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IS CAPITALISM THE DOMINANT MODE OF PRODUCTION EVEN TODAY?

Pradip Baksi

Abstract The claim that capitalism is the dominant mode of production today may not stand the test of labour time measure of all the work done in the world.

Keywords Political Economy; Mode of Production; Capitalism; Time Use Studies; Unpaid Domestic Labour.

In contemporary political economy the current crisis of capitalism is the most discussed issue. Almost all the political economists think that today capitalism is the most dominant mode of production in the world economy. Any disagreement with this consensus may be considered to be a veritable blasphemy. As a mode of production capitalism is characterised by preponderance of commodity production for profit.

How preponderant is really preponderant?

Till date, everywhere, commodity production is based upon the natural production of the labour providing worker in the family. Not only that, even in the bourgeois families of G7/8 economies the familial production and reproduction of children of the bourgeoisie is not commodity production, but natural production: production of use value without the corresponding exchange value. Everywhere in the world the familial goods and services enter into the commodity chain only as end products: as the labour of child worker and adult worker, nutrition for the worker, health and vigour of the rested and sexually serviced worker etc. etc. However, even when the sum total of the familial services and goods (= the worker) enters into the market, nobody pays for the past familial goods and services, for the unpaid dead labour of mother/wife/other familial care givers, embedded in the body and consciousness of the worker available for hiring in the market. In other words, child-rearing and adult-servicing related familial unpaid labour still remains outside the pale of commodity market everywhere. How big is the share of this labour in the economy as a whole? Comprehensive global data required for this measurement does not exist. A study of Australian childcare time for the year 1997 shows that: when the time spent in secondary activities is included, childcare becomes the largest industry in both the household and market economies. It absorbs more labour than any other paid or unpaid economic activity. The total amount of time Australians spent on caring for children in 1997 was equivalent to almost two-thirds (63 percent) of the entire labour time absorbed by the market economy (Ironmonger 2004: 10506). It is necessary to compute comparable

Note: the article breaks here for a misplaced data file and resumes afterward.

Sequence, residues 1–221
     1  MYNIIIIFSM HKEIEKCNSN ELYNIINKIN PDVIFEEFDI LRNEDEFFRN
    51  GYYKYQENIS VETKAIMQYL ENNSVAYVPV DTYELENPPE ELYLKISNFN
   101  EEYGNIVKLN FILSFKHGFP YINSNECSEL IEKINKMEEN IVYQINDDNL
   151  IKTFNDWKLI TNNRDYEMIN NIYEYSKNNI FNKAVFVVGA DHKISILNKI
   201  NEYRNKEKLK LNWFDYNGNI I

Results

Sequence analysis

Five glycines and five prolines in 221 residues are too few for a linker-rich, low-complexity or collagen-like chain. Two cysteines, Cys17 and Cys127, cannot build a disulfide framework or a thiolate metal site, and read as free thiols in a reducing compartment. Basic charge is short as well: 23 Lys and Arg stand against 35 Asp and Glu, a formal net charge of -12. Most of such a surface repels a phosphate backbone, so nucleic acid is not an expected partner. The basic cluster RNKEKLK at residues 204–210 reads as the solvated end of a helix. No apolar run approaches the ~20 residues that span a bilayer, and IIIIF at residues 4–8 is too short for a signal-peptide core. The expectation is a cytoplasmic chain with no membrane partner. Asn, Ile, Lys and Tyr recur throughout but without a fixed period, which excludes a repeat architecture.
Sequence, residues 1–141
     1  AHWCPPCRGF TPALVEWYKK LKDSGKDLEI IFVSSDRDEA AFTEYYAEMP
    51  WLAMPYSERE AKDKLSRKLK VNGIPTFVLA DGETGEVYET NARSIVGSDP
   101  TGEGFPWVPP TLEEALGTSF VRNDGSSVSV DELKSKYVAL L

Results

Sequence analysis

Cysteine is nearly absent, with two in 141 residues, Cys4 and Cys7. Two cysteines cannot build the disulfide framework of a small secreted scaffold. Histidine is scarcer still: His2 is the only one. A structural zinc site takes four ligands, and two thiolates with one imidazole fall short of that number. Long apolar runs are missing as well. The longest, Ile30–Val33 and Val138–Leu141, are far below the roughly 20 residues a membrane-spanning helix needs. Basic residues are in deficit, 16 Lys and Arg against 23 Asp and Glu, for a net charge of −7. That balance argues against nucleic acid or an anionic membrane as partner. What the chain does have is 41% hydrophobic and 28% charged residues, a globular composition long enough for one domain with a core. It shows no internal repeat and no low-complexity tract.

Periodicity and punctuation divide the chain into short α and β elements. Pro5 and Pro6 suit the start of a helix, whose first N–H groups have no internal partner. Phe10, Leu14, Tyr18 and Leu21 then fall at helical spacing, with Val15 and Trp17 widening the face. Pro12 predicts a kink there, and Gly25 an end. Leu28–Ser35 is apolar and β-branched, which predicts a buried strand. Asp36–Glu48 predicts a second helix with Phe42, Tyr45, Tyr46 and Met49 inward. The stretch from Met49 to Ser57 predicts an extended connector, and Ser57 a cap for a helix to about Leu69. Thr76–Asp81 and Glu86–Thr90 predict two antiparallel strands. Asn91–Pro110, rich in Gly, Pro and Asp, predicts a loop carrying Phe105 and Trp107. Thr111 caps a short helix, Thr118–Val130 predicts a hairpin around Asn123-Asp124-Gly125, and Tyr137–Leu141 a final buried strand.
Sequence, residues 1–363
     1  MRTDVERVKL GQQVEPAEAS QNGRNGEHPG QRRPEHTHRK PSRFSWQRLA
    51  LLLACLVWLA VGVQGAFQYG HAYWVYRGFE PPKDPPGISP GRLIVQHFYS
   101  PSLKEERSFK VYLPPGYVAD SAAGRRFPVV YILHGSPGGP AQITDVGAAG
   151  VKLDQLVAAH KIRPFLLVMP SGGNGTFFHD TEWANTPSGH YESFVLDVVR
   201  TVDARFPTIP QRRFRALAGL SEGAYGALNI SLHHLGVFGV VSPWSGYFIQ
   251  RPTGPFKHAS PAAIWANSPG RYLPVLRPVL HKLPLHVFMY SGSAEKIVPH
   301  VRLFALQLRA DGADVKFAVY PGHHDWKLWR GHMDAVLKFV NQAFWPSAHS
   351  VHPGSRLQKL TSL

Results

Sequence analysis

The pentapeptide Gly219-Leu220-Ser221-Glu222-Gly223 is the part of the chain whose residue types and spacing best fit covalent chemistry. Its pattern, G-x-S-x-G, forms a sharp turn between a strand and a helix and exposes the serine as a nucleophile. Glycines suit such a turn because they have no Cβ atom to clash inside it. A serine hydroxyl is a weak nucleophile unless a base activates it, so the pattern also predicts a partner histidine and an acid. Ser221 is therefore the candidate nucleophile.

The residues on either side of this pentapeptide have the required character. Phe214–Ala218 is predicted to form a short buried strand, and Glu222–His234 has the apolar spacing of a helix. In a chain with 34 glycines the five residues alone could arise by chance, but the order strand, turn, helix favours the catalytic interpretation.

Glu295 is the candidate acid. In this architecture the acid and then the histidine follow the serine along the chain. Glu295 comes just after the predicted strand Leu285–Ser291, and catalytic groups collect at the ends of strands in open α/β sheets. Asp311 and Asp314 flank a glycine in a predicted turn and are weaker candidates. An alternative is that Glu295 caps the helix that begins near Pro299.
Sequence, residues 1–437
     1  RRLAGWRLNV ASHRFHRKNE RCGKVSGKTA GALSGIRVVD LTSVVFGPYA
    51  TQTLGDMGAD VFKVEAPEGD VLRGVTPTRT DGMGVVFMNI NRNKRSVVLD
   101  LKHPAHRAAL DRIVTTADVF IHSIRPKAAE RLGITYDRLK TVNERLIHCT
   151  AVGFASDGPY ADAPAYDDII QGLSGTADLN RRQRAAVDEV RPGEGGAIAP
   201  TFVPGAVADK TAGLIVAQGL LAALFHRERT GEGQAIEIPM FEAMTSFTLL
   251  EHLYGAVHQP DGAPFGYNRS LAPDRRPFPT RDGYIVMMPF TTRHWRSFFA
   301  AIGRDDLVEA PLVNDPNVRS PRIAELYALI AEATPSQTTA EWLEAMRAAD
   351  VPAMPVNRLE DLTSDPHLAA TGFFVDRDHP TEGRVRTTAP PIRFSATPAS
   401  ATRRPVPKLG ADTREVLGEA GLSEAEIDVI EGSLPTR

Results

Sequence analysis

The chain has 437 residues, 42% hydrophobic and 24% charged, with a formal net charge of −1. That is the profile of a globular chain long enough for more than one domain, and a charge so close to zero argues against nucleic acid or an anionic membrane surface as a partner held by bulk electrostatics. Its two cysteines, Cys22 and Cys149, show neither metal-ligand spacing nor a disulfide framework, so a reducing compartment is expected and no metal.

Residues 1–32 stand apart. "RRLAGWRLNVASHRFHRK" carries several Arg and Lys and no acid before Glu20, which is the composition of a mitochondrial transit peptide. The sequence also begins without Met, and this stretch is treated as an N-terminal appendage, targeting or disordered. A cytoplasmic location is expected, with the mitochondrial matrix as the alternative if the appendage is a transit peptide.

child-rearing-time related data for each country and, for the world as a whole. For some steps taken, which may lead us in that direction, see: Razavi 2007; Budlender 2007.

Further, most workers employed in the capitalist market sell their labour power for a fixed period of time: say, 8 or 12 hours a day. For the remaining 16 or 12 hours of the 24 hour day they remain largely outside the pale of commodity production and exchange, as they provide and/or enjoy unpaid familial services. Thus, commodity production and exchange at most occupies 50% (= 12 hours) of the daily time of most gainfully employed people of the world. Some upward revision may be required for the minority upmarket workers who can afford paid leisure-time services. For the vast majority of world population, the reach of commodity production and exchange is certainly much less than 50% of their time.

Is it permissible then to say that the capitalist commodity production and exchange is preponderant in the world today?